Brdy are hills in the Czech Republic, forming a long massif stretching for cca.60 km from Prague in the direction of southwest. The northern section of the Brdy is called "Hřebeny" and features one narrow ridge (highest elevation Písek - 690 m.). The Brdy proper starts south of the Litavka river canyon and consists of several major elevations connected into one plateau. The highest being "Tok" (864 m.), "Praha" (862 m.) or "Třemšín" (827 m.).

Most of the Brdy is covered by forest making it one of the largest contiguously forested areas in the interior of the Czech republic. However, major sections of the massif have been declared closed military area and are largely banned to public.

The military area of Brdy has been a source of controversy for several decades.

The closed military area was declared shortly after emergence of Czech Republic to cather for needs of growing Czech armed forces in 1925. It has been expanded and well used by Third Reich military forces during the Nazi occupation of Czech Republic during 1938-1945.It has been further used for intensive military exercises in post war era with some additional expansion in the southern sector.

After the Warsaw pact intervention in September 1968, southern locality near town Mirosov served as base to a small Red Army contingent until its repatriation in 1993

Military use of the Brdy mountains gradually decreased after the Velvet revolution in 1989 driven by military cost cutting and eventual professionalization in 2005.However, the closed military status of the central part persists.

As of 2006, Brdy mountains are currently in the focus of American negotiators attempting to settle a deal with Czech government to install a part of the IBCM defense shield in this military area.


Brdy mountains haven't seen any substantial developmenent for long decades since 1925. This lack of man-made changes kept the local Flora & Fauna undisturbed and florishing. The national forestry company (Ceske lesy) has been in charge of maintaining large parts of the mountains.It still holds in the central parts, while northern rig have seen restitution to the legal ownership.

The are several major road running across the mountains, some of them exclusive to vehicles with valid military and forestry permits only.

There are few buildings remaining in these mountains, usually in lateral areas or highest points.Apart from several hunting lodges, used by prominent visitors-hunters and forestry workers, there are eight complexes worth the interest.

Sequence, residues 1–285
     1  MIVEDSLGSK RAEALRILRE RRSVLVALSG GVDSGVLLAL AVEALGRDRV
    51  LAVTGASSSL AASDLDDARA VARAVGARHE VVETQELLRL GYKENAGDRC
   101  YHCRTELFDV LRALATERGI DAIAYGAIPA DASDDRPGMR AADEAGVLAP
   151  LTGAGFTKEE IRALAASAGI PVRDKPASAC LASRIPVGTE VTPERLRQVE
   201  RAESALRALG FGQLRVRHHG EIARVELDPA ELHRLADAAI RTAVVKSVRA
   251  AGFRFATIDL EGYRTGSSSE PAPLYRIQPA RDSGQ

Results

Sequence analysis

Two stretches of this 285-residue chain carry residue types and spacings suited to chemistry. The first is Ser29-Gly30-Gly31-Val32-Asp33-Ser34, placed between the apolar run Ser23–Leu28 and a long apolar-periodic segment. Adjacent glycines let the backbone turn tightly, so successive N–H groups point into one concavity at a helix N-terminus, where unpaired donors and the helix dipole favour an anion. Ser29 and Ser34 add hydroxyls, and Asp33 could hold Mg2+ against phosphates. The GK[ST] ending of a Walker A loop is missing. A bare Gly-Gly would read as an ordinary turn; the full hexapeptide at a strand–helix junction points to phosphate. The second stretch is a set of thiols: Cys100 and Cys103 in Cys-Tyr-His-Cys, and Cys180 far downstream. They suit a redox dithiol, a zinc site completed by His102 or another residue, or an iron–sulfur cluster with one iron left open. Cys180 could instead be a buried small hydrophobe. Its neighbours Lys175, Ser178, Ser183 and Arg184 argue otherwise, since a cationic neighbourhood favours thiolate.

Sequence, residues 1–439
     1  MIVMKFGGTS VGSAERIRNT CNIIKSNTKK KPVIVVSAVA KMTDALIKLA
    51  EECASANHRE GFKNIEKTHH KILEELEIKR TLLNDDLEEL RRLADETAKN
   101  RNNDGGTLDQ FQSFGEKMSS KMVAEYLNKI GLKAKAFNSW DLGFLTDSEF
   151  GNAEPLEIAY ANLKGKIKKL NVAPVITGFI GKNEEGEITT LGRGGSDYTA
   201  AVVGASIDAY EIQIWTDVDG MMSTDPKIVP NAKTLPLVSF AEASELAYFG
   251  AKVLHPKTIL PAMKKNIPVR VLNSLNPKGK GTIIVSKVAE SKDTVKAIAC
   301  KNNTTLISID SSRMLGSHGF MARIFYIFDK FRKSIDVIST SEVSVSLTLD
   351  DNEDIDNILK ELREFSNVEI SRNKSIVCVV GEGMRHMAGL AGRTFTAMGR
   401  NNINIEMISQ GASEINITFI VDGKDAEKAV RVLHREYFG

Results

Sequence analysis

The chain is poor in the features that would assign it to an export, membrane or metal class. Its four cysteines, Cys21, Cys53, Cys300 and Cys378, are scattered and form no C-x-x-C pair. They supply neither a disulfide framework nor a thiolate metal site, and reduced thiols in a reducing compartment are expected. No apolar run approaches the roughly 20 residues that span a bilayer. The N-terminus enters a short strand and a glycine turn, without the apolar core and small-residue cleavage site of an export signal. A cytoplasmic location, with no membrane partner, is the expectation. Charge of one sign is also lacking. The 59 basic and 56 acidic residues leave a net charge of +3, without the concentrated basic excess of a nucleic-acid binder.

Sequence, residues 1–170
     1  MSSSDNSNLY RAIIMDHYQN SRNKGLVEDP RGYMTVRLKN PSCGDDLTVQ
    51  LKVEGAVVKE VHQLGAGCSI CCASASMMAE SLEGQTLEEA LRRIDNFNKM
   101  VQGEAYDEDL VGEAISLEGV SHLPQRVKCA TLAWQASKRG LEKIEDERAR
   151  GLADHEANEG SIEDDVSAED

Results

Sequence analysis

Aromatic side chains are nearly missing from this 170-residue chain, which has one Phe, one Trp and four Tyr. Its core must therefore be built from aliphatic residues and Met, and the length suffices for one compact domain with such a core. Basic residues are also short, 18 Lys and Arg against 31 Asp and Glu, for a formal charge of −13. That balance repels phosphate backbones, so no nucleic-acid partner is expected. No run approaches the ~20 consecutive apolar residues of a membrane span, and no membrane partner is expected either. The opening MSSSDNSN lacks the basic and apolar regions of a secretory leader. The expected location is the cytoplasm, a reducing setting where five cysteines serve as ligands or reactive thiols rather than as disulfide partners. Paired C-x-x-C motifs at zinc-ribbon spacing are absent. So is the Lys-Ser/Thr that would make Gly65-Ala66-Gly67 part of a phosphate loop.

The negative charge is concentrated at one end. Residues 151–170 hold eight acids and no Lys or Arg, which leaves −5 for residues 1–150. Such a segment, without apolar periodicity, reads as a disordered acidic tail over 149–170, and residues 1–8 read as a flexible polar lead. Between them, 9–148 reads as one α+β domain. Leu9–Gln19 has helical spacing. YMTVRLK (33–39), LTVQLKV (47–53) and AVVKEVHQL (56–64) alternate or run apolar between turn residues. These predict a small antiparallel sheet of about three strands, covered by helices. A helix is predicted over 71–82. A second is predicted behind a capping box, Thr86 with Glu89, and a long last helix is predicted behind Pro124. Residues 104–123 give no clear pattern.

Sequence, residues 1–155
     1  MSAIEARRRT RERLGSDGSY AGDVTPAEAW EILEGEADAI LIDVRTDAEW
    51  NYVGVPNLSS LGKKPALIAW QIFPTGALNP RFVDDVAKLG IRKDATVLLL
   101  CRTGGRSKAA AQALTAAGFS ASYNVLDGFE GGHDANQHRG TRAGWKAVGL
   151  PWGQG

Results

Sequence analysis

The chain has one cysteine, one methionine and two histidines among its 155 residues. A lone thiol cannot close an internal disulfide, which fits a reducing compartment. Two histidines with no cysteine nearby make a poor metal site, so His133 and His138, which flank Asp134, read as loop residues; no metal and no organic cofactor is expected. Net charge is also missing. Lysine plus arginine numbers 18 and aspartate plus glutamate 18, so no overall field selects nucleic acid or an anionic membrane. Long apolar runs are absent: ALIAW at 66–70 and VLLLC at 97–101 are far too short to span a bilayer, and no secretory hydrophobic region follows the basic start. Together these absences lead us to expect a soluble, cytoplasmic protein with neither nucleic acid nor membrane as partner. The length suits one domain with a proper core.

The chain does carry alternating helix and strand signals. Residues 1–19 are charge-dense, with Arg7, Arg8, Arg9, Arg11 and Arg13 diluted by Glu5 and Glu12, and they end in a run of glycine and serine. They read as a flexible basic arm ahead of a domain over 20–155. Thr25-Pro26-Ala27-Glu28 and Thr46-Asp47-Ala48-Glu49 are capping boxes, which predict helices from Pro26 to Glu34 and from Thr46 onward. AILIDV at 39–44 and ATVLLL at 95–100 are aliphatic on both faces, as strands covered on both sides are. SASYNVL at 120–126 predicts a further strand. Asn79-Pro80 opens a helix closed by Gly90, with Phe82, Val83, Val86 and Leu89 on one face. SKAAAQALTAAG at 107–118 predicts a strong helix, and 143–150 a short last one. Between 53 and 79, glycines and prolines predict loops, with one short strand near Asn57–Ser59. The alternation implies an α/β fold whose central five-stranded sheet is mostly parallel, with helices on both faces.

1) 194m tall broadcasting and transmiting tower Cukrak at the hill Cukrak (in proximity of Czech capital Prague)

2) [ Skalka] - baroque complex of chapel of Marie-Magdaleine & monastery at the cliff above the town Mnisek pod Brdy

3) Abandoned Anti-air missile base [ "Klondajk"] with three long range SAM launchers stretching at plateau over several square kilometers near town Dobris

4) [ Geodetic tower] at Studeny Vrch (638 m a.s.l.) near Hostomice pod Brdy, formerly used for military exercise, which is currently in ownership of Czech Tourist Club

5) Radar complex of Czech Air traffic control center at the hill Pisek 683 m a.s.l. near Jince

6) Meteorological radar of CHMI at Praha mountain (862 m a.s.l.) scanning precipitation and rainfall over Bohemia and a part of European NexRAD network.

7) Prototype of concrete bunker (type ) built in 1930's at one of the shooting grounds to test weapon efficiency and bunker design, which eventually acted in Czech movie Obecna Skola.

8) Monument to significant local forester and administrator Gangloff near Tremsin pod Brdy.

Future plans and potential

Several studies has been made on the future of Brdy mountains, with particular focus to keep its preserved natural status. This has been contradicted by vivid plans to create a new military installation with high security code in the military area. The ICBM detection radar site ought to be located at the southern slopes near Mirosov.

External links

* [ Brdy]
* [ Brdy web page - article: Cukrak]

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